Construction Pro Pros and Cons

According to a recent Thumbtack survey, 87% of skilled trade workers are happy with their jobs. Still, no occupation is all upside. Here are some pros and cons of working in the trades.

Pros

Physical activity:The trades keep you on your feet and moving.Stability:High demand and the option for union membership provide a stable career path.Existing skills: DIY experience gives you a head start on learning the trades.Job market:No matter where you live, someone needs construction workers.Promotion possibilities: Many companies offer paths into supervisory roles.No robot takeover: No artificial intelligence (AI) or automations can replace tradespeople.

Cons

Health risks:There are inherent dangers in repetitive motion and exposure to construction materials. Proper training and use of protective gear are essential.Physical demands:If you have limited mobility, the physical demands of the trades can pose a challenge.On-site work:There is no work-from-home option in the trades.

Moving From DIY to Pro

Here are some possible paths to turn your hobby into a career.

Trade schools

Trade schools specialize in hands-on training for aspiring tradespeople.

“Trade or vocational school education is preferred by many employers,” says Caren. “While there are costs involved, you can learn everything you need to pass any certification or licensing exams that might be required. Many of these schools also offer job placement assistance.”

Community colleges

Want a more rounded education? Many community colleges offer vocational training.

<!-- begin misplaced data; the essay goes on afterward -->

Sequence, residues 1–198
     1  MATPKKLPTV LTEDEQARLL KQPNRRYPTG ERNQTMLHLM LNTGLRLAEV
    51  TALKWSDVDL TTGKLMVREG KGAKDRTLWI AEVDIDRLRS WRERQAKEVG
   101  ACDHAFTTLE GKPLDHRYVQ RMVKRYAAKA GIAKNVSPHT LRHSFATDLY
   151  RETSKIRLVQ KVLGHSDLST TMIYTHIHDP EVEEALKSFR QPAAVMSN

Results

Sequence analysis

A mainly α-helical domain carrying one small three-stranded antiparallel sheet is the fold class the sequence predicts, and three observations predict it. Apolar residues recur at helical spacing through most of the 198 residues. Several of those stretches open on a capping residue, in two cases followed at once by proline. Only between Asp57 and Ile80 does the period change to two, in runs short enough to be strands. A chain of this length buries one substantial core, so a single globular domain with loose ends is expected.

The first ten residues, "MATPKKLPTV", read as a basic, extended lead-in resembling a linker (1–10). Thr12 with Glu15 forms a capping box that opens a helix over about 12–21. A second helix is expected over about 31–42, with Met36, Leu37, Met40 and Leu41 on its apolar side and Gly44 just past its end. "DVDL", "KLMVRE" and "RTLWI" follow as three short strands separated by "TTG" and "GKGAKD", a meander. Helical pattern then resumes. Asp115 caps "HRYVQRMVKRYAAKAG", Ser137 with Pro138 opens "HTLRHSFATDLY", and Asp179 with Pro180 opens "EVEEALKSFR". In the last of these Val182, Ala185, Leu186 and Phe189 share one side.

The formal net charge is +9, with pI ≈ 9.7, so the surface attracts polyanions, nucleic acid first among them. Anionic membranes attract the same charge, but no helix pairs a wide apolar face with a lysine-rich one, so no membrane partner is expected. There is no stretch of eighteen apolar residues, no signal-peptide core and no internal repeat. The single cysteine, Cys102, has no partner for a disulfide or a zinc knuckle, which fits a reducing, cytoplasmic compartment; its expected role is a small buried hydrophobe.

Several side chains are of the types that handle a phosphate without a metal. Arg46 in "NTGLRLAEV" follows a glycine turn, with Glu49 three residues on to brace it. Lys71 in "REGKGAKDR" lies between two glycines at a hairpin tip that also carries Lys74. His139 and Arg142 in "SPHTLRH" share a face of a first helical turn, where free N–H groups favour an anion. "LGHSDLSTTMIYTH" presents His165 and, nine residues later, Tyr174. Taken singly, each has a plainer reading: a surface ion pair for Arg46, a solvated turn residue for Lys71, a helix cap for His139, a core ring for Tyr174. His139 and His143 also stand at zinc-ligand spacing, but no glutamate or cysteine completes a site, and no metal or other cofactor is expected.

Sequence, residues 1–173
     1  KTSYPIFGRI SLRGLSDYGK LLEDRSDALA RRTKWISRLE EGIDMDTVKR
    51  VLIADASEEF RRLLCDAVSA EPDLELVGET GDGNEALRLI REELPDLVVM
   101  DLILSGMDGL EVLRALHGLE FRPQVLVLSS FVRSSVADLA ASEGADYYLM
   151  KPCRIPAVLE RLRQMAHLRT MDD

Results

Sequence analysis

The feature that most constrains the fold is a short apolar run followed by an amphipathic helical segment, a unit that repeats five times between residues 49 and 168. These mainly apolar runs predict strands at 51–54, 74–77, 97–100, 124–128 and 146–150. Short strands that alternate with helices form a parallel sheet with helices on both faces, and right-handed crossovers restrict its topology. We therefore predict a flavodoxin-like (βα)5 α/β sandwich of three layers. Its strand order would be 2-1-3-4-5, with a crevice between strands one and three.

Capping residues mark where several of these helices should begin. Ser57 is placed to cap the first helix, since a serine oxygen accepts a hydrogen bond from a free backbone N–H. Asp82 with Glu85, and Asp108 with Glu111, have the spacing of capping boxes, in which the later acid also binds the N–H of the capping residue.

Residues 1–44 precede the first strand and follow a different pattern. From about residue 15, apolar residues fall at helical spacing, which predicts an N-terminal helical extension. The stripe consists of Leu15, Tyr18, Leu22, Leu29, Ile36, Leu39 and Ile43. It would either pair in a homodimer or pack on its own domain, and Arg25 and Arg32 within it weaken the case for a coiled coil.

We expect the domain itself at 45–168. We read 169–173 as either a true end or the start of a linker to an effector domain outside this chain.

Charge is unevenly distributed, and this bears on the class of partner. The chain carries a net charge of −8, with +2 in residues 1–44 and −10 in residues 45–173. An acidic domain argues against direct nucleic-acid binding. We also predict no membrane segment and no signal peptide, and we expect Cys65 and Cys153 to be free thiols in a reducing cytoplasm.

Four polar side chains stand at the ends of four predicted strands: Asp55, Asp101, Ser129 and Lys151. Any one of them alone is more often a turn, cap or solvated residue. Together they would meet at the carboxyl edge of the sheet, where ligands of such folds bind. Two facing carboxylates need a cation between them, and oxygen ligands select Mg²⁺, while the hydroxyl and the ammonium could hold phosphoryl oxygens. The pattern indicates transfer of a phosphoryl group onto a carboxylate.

“Some schools require you to take more general courses like math or English, unlike trade schools,” says Caren. “You can complete a program in a few months to two years.”

Apprenticeships

Trade schools and community colleges require tuition. But why not get paid to learn? “Apprenticeships with a local business are a way to get started while earning a paycheck,” Caren says.

Apprenticeships take your existing DIY skills and nurture them under the tutelage of one or more senior tradespeople. Your state may have programs to assist with finding an apprenticeship.

Property maintenance

Property management companies value workers with DIY skills like replacing a ceiling fan or fixing a leaky toilet.

If you live in a rental, reach out to the owner or manager and ask if they need maintenance help. You might pick up work right in your backyard.

Handyman work

Many handyman companies hire DIYers, and handyman work is a good choice for those looking for a side hustle. Friends and family are often happy to hire someone they trust, and make a great customer base when building a handyman side gig.

More Resources for Prospective Construction Pros

An overview like this is just the beginning. Caren recommends the following resources to get started on your path to pro:

Check with your state to see if they offer job training and education resources.O*NET online is a resource for finding all things career-related.Blue Collar Brain features career guides and information specific to the trades.

About the Expert

Jill Caren and her husband created Blue Collar Brain, a resource for those looking to find employment in the trades that doesn’t require a college degree. Both grew up in blue collar families.Read More